Tan, who made the decision to play poker full time roughly a year ago, has been a dominant force on Day 3 of the tournament with over half a million chips for much of the day.
The field isn't exactly soft, either, with Phil Ivey and Patrik Antonius featuring prominently in the chip counts.
“I’m really excited,” said Tan. “This is an amazing tournament. I can’t believe how well run it is.
"I’ve heard good things about Melbourne being the poker capital of Australia and how great the Crown is. You can really feel it once you’re here.”
Tan’s biggest previous score was a fifth-place finish in a Macau Poker Cup event for $40k.
The Bodog-sponsored player has already locked up at least AUD$15,000 as the money bubble burst earlier today. Tan has her sights on the final 36, though, where action will switch to 6-handed. It’s her favorite game.
Tan Goes From Banking in Hong Kong to Poker
Tan came to the poker world with outstanding pedigree from the business world.
She has her Masters Degree in business and pursued a banking career with Goldman Sachs in Hong Kong.
One night she stumbled upon poker on late night TV and fell in love with the game.
Despite having a successful and potentially lucrative career, Tan was thinking about poker during business hours and eventually had to make a change.
“I just figured I needed to give what I truly loved a shot and just see how far I can take it,” she said.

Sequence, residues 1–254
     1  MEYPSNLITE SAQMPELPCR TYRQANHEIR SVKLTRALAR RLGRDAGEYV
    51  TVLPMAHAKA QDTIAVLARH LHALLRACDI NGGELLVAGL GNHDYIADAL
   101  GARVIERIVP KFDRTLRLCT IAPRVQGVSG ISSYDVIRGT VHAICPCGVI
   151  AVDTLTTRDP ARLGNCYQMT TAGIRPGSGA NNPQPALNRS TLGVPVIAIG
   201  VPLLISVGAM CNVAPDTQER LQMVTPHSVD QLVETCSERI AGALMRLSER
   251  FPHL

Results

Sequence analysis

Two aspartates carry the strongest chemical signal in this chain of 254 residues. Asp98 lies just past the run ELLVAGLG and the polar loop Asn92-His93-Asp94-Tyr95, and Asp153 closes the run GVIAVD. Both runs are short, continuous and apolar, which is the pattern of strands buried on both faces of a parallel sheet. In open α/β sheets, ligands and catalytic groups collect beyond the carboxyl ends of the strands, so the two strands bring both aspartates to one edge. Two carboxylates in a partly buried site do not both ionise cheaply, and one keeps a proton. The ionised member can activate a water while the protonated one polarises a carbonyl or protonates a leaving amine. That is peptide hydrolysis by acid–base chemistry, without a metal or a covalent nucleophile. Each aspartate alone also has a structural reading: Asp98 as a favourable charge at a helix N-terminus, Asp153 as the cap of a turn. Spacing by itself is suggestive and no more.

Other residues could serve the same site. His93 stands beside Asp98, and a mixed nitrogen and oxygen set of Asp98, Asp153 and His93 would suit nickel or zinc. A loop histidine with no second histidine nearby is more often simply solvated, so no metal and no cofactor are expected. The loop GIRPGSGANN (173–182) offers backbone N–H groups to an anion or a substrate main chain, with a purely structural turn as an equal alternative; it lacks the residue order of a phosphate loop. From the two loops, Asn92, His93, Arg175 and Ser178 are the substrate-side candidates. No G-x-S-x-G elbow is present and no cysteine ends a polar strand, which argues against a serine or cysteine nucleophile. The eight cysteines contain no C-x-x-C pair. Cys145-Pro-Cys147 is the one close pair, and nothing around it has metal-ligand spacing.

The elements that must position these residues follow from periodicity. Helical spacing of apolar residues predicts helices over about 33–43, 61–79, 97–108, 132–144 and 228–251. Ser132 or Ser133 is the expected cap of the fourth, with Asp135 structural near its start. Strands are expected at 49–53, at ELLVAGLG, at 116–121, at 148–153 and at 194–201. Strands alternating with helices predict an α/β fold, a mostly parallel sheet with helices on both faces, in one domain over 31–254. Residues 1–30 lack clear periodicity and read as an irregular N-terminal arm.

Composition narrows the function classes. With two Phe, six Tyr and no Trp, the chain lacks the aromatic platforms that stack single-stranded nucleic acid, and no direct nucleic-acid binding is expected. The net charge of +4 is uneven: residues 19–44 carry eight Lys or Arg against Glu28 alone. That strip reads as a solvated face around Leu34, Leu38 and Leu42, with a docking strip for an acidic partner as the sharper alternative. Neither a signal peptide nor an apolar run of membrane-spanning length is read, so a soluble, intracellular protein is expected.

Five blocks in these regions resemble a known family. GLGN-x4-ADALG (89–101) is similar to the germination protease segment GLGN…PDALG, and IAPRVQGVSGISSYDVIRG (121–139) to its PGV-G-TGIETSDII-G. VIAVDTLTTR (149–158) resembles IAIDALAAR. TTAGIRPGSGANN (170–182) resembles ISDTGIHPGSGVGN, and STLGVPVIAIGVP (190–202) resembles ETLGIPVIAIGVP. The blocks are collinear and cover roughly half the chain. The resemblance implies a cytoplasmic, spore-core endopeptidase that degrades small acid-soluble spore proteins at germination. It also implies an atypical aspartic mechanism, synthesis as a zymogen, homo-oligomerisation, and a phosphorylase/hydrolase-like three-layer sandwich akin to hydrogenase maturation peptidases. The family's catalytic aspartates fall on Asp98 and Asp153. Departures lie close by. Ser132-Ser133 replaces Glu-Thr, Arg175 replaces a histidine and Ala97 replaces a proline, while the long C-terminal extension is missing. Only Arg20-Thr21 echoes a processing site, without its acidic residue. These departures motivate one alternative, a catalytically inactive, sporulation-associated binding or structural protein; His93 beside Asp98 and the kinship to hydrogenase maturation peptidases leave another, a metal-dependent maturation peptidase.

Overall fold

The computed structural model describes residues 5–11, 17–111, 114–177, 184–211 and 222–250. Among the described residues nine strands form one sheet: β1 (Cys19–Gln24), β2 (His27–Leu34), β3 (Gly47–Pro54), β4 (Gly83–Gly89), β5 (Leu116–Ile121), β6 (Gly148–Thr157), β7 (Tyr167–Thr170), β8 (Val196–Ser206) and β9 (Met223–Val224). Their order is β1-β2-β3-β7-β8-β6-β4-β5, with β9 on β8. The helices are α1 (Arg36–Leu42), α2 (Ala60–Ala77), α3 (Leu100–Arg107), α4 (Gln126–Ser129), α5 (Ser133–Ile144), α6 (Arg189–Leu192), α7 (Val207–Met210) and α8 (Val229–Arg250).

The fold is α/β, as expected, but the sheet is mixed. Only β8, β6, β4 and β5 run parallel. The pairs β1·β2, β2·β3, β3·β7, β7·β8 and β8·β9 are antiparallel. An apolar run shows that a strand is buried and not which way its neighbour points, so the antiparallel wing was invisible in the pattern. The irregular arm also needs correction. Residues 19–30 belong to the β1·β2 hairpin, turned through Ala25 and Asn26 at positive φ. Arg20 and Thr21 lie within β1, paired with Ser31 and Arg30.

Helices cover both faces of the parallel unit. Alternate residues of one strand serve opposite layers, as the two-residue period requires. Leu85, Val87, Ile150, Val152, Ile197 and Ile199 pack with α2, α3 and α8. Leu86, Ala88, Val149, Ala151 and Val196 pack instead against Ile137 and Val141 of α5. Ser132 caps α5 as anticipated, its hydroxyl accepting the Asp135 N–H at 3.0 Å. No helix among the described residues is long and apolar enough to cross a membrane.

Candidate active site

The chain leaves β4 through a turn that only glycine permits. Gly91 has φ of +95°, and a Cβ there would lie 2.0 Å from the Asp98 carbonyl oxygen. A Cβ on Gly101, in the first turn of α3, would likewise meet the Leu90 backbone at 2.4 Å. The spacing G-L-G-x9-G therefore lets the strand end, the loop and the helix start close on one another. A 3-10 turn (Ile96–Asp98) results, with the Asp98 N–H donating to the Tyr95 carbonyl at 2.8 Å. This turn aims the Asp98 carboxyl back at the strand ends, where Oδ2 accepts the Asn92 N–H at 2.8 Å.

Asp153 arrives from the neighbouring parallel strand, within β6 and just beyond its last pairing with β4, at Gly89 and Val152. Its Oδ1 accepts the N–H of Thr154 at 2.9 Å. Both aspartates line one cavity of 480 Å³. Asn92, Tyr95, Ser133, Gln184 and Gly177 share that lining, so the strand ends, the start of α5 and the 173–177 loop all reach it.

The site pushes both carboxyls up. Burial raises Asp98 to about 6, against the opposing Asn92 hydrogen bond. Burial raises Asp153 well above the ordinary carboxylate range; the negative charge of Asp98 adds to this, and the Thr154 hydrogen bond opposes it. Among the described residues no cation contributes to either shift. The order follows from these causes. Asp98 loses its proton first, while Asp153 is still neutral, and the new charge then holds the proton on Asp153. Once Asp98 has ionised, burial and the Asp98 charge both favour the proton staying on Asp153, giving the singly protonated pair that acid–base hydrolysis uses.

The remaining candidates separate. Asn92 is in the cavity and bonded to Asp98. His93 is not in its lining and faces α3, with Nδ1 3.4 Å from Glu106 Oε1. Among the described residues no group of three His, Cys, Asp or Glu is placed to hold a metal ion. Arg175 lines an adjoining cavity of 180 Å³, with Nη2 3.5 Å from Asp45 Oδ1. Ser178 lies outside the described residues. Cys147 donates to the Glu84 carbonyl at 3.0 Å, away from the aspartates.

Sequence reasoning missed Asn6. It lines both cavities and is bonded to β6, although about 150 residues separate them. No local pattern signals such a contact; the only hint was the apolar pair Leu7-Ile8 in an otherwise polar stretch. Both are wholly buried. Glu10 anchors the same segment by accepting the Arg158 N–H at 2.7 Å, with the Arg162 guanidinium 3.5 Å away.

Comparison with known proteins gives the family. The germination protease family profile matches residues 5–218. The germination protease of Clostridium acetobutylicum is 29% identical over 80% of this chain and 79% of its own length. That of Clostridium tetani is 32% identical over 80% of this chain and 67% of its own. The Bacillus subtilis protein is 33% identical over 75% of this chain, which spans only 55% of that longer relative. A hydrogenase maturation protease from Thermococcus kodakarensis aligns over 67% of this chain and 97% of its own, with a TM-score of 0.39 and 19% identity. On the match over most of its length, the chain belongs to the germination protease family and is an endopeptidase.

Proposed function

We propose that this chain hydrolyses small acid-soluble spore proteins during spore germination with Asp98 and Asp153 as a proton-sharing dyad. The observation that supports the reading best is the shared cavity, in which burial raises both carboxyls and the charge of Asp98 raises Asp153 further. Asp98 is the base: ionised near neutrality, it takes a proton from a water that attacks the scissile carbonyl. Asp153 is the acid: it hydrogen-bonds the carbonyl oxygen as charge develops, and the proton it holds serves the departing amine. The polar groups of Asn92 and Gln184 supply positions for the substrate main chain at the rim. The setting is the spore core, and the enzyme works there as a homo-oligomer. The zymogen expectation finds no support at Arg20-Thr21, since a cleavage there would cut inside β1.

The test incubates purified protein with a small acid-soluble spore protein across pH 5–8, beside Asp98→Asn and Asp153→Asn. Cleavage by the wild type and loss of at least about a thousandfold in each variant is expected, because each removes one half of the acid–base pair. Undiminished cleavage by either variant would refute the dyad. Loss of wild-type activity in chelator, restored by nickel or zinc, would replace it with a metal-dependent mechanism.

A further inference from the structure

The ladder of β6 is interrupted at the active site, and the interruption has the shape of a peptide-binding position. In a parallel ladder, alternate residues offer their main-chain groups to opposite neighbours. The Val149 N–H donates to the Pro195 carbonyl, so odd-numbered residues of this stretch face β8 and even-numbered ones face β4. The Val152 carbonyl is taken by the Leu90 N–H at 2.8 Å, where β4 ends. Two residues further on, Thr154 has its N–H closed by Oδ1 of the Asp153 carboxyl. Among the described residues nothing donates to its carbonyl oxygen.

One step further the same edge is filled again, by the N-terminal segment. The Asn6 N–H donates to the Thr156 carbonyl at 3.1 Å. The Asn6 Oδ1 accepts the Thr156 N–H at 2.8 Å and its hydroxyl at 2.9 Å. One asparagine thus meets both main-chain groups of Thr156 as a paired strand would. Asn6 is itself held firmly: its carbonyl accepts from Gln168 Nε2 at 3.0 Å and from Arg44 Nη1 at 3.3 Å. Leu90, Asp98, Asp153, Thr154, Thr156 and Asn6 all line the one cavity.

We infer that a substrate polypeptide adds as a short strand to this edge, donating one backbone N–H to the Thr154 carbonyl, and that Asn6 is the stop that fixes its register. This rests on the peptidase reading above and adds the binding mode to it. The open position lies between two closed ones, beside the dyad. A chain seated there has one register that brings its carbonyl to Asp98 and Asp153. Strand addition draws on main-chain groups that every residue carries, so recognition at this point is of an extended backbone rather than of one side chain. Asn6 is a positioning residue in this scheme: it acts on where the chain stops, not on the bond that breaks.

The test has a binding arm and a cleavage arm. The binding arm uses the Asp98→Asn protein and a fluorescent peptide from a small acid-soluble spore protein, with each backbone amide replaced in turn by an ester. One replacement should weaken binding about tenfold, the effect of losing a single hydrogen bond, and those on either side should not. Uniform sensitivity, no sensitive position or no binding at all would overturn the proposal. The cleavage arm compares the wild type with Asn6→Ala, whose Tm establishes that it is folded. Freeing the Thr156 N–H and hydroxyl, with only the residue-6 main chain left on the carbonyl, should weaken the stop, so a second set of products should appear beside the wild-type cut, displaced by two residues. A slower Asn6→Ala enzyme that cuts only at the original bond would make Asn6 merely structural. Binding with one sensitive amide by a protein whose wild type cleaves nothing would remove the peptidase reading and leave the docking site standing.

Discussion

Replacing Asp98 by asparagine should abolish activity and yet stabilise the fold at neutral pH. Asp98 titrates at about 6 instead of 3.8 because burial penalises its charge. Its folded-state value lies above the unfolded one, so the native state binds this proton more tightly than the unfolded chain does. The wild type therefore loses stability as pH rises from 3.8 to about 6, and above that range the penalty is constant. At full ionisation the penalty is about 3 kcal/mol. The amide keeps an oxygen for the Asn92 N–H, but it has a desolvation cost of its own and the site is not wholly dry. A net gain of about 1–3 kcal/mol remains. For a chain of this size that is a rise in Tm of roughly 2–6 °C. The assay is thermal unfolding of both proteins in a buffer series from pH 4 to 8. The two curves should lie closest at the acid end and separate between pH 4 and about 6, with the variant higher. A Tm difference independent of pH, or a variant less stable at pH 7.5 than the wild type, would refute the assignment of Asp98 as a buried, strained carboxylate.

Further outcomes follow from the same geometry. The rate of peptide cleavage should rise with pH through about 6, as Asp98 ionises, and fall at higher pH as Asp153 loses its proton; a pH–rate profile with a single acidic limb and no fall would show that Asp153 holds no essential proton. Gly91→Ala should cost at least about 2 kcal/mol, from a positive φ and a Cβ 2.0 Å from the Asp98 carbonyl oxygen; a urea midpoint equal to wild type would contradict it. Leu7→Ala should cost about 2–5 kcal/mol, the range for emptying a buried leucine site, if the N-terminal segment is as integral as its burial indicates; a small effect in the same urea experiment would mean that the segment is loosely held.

Fortunately Tan said that some of the skills she learned from getting her Masters Degree were transferable to poker. She also speaks Mandarin, Cantonese and English.
“I’ve studied for so many years of life I would like to think it helps my poker game.”
Tan: 'People Are Passionate About Poker in Hong Kong'
Being a full-time poker player in Hong Kong is not without it’s quirks and Tan generally has to take the ferry to Macau when she wants to play live.
“There was once a poker house in Hong Kong,” she said. “It was unfortunately shut down. It wasn’t exactly illegal but they just decided to shut it down anyways.
"There aren’t really any games in Hong Kong, probably some private ones but I don’t play those."
Generally regarded as one of the biggest untapped online poker markets in the world, Tan says the poker-playing community has expanded over the last few years.
“It’s still growing but people are starting to get really passionate about poker in Hong Kong,” she said. “It’s booming in Macau.”
While still several days out from the final table, Tan admitted a win in a tournament like the Aussie Millions would change her life.
“I feel I’ve been working very hard at my poker career,” she said. “Winning a tournament like this would definitely give me more confidence to continue on in this profession.”